Written by Jim Jordal   
Monday, 02 July 2012


By Jim Jordal

 "Don't think that I came to destroy the law or the prophets. I didn't come to destroy, but to fulfill.  For most assuredly, I tell you, until heaven and earth pass away, not even one smallest letter or one tiny pen stroke shall in any way pass away from the law, until all things are accomplished.  Whoever, therefore, shall break one of these least commandments, and teach others to do so, shall be called least in the Kingdom of Heaven; but whoever shall do and teach them shall be called great in the Kingdom of Heaven.  For I tell you that unless your righteousness exceeds that of the scribes and Pharisees, there is no way you will enter into the Kingdom of Heaven.

Matthew 5:17-20, WEB

In this passage Jesus is pretty tough on believers who follow him but ignore what he came to complete---the law of Moses and the prophets. Some people back then evidently believed that to follow Jesus was to annul the law. There are similar beliefs today. They often describe themselves as "New Testament Christians" because their foundational beliefs come from the gospels and the teachings of the apostle Paul. But this view too often ignores and devalues the moral and ethical teachings and principles for national behavior found in the Old Testament.

For many Christians today the law is an anachronism relegated to the long-dead pages of ancient history. Yes, they still honor the Ten Commandments, but that’s about the only law they consider seriously. The "great things of the law" become lost to them as they struggle to pattern their lives around doctrinal correctness, personal piety, and sexual purity. But good as they may be, these virtues are not enough.

Jesus considered failure to believe and practice the law (not the ceremonial and sacrificial ordinances, but the laws concerning national righteousness and justice) to be sufficient cause to separate even believers from entry into his earthly kingdom (see Matt. 7:21-23). Prophesying, casting out demons, and doing great acts in his name were not enough if they also "did iniquity," or "practiced lawlessness," as another translation puts it.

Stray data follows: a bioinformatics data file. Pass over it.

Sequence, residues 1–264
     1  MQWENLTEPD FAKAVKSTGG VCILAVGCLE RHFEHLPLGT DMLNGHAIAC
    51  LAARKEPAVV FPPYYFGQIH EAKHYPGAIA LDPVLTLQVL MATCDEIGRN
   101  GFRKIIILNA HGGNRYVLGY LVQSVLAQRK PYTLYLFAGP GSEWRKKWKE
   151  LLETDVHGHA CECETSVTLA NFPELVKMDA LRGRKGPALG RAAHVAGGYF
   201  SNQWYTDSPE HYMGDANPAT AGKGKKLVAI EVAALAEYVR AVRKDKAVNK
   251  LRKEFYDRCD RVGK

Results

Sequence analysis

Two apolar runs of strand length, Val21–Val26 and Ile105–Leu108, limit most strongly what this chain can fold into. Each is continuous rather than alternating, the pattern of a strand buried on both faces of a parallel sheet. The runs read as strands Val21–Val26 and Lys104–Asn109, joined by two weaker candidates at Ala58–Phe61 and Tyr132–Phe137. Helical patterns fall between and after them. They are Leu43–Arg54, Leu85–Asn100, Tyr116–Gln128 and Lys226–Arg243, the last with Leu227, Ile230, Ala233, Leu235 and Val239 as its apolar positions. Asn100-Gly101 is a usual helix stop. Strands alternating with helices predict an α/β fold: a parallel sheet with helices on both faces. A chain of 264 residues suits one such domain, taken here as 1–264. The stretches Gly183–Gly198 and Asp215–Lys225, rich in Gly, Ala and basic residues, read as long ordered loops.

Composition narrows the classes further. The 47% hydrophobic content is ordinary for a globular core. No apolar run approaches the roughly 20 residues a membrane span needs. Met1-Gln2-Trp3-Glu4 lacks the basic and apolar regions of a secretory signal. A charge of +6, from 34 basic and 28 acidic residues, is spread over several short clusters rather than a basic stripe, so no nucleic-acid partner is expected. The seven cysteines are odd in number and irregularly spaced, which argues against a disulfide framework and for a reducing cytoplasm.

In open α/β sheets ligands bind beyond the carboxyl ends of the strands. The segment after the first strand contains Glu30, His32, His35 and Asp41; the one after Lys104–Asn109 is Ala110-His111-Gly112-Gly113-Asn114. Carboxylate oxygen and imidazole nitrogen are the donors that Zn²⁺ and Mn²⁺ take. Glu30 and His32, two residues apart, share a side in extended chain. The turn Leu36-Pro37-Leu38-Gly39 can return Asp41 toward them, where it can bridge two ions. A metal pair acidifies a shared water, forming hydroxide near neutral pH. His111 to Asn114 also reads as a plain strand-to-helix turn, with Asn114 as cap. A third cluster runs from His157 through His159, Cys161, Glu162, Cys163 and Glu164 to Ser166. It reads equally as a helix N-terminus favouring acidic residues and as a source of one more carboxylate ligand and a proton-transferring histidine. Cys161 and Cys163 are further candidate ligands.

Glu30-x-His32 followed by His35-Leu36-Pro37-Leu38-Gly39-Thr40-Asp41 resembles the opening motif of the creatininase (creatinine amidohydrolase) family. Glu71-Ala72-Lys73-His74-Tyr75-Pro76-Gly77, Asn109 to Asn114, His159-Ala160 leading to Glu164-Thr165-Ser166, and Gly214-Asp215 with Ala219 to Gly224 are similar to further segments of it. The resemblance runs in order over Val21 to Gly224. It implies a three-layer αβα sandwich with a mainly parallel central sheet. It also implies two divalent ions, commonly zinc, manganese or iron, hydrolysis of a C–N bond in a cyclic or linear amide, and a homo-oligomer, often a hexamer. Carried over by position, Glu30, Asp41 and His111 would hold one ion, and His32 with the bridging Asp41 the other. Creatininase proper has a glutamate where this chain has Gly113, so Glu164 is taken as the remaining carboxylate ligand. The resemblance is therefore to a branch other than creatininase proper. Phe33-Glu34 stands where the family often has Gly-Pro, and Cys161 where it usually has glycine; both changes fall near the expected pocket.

Practicing lawlessness means ignoring God’s clear rules for personal and national righteousness, justice and mercy. As Micah put it: "What does the Lord require of you, Oh man, but to do justice, love mercy, and walk humbly with the Lord your God" (Micah 6:6-8). No amount of posturing around the performance of great deeds or the protestations of strong faith will cover failure to follow righteousness, justice and mercy as God’s kingdom draws near.

Failing to act on these commandments and teaching others to do so results in a lower place in the kingdom of Christ. Acting on the commands and teaching others to do so results in a higher place in the kingdom. Notice it’s not talking of a loss of personal salvation, but of a lower order of service in the Kingdom of God on Earth. Salvation in the spiritual sense depends upon faith, not works. But scripture in many places relates that we will at some future time be judged upon our works, and that the outcome of this judgment is not assignment to heaven or hell, but to a lesser role in the future kingdom.

Why was Jesus so adamant about this? Because that’s the essence of his person and his message: the coming of righteousness, justice and mercy in his person and in his coming kingdom. It’s all subsumed in the great commandments to love God with all your heart and your neighbor as yourself. Love expressed in deliverance from suffering and death is the heart and soul of Jesus’ message. The driving force is his commands, with the Mosaic code identifying and specifying exactly what God has in mind for society, economics, government, and interpersonal relationships in his kingdom.

In the final sentence of the top passage, Jesus says that the righteousness of his followers must exceed that of the scribes and Pharisees if they wished to enter the kingdom of God in any capacity. Jesus is so hard on the Pharisees because they were heirs to the law, the prophets and the kingdom of God. But their intransigent legalism and worship rituals literally made the word of God of no effect. They postured righteousness in their religious practices but at the same time foreclosed on widows and orphans and urged their followers to do the same. They were the diametrical opposite of what Jesus wanted, so their place in his kingdom is denied unless they repent, which a few did, but most did not.

The Law of Moses will finally be fulfilled by the New Covenant that promises new hearts for God’s people to replace their hearts of stone (see Hebrews 8). Until then, let’s remember that the laws of God for righteousness, justice and mercy are still in effect and should provide a model vital to the success of society.